Watch Wednesday

Watch Wednesday #12: Snow White with the Red Hair

When I was little, I was incredibly keen on the idea of a prince coming and sweeping me off my feet.  I remember getting into bed one night and realizing that I had forgotten to brush my teeth.  I thought, “Meh, whatever, I’m going to sleep,” but as I snuggled in I thought, “Wait, what if tonight’s the night that a prince climbs in through my window to kiss me awake?  The night I didn’t brush my teeth.”

I immediately got out of bed and brushed my teeth that night.  The what-if of a prince was clearly a strong motivator, and it got me to brush my teeth every night just in case my fantasies actually happened.

I was a weird kid.

To be honest, my love for princes and princesses hasn’t tamed one bit since I was a kid.  There’s still such a thrill, watching the classic Disney princess movies.  The giddy feelings never seem to dissipate!  So, when I discovered an anime that had that same sort of feel, I hopped right on that bandwagon.

Snow White with the Red Hair

Akagami no Shirayuki-hime, or Snow White with the Red Hair, is a long title that, honestly, left me feeling not too interested in investing in the series.  It just seems, I don’t know, oversimplified?  Like, “Hey, this is totes the story of Snow White, but–WAIT FOR IT–her hair is red!”  When I finally gave in and began to read the manga series, I was suddenly like, “Okay, I really like this.”

Snow White with the Red Hair is an extremely loose adaptation of its namesake fairy tale.  The story follows Shirayuki, whose burning red hair is a strange sight for anyone to behold.  Although her hair seems to only draw unnecessary and wholly unwanted attention, Shirayuki has carved out a nice life for herself in spite of that as the herbalist of her town.

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Unfortunately, her kingdom’s buffoon of a prince, Raj, has heard tales of her unique hair and has decided to that he must have her as his concubine.  A palace guard alerts Shirayuki to her fate, demanding that she present herself to the prince the next morning.

Shirayuki decides that, rather than becoming the mistress of a prince, she would rather flee the country.  As she makes preparations to leave, she decides the give the prince exactly what he was after in the first place.  Shirayuki cuts her long, red hair, leaving it as a farewell token for Prince Raj.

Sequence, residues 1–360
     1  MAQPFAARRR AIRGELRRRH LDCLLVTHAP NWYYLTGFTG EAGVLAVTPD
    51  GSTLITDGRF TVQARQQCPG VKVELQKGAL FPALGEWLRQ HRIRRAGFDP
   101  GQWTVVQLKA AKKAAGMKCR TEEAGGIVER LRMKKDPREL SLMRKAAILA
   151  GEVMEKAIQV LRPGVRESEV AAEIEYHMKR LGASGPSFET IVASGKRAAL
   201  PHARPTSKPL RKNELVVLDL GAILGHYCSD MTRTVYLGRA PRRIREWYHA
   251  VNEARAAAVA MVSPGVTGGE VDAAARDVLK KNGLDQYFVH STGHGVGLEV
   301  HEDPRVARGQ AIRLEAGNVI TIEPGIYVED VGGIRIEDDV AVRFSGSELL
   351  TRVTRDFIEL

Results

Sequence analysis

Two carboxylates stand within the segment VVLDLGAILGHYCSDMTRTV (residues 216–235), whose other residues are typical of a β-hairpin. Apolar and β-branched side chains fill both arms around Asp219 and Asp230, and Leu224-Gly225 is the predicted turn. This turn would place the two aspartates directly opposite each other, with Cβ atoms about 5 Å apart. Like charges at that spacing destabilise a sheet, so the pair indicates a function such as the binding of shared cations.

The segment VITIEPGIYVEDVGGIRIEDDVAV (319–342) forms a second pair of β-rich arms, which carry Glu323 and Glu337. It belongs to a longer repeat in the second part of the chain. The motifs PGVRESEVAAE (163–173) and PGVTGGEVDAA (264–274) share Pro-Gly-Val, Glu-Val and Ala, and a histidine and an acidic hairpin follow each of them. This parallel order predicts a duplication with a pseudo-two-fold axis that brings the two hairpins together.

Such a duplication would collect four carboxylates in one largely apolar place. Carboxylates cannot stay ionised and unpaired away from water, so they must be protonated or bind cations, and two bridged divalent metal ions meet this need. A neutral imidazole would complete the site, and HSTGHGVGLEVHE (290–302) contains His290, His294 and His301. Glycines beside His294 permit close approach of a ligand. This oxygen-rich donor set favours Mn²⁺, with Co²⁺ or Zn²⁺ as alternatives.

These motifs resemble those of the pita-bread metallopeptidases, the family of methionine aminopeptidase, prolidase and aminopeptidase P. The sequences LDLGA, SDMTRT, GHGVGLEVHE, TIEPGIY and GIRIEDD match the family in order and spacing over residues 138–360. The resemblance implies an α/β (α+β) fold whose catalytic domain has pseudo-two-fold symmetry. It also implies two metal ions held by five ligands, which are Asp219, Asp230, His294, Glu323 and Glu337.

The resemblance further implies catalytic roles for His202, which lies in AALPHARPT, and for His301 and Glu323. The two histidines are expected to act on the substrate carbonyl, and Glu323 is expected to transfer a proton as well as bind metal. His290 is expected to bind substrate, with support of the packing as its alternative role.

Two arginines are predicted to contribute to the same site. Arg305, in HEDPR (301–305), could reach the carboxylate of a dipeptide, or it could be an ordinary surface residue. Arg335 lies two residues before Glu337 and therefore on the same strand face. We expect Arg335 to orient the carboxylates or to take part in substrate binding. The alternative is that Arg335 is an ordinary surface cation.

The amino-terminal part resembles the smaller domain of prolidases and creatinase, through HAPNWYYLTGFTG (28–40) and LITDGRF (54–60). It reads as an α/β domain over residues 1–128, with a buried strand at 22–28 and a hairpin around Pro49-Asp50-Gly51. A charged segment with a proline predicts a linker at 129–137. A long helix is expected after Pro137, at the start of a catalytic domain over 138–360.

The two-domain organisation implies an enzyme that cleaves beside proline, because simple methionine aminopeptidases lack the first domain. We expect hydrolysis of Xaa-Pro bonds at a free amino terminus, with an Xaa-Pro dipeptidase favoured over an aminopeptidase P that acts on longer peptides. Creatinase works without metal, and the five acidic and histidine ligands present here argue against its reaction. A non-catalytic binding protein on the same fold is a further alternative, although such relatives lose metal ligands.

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As Shirayuki travels across the border, she meets a handsome young man named Zen and his two companions, Mitsuhide and Kiki, who invite her to stay with their party.  Zen can tell that Shirayuki is clearly running from something, and Shirayuki hesitantly reveals the situation with the prince of her home country.  Zen is appalled, but not surprised–apparently the dirty character of Prince Raj is well-known.  However, it isn’t until a basket of shiny red apples appears, adorned with the ribbon she used to tie her hair, that Shirayuki realizes the real trouble of her situation.  Prince Raj isn’t going to stop trying to find her.

Shirayuki laments her red hair, but Zen tells her that red is the color of fate, and that perhaps it will bring her to good fortune in the end.  To prove his point, Zen takes a bite of a bruised apple, only to realize that it has been poisoned.  He collapses to the ground as the palace guard from the night prior shows up, insisting that Shirayuki come with him if she wants the antidote.  She agrees.

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Shirayuki meets with Prince Raj, and she tells him that he can have her, but she’s not going to be a nice girl about it.  Zen bursts through the door, revealing not only that he’s worked up an immunity to poisons, but that he’s also a prince–the second prince of Clarines–to which Prince Raj responds with an immediate retreat.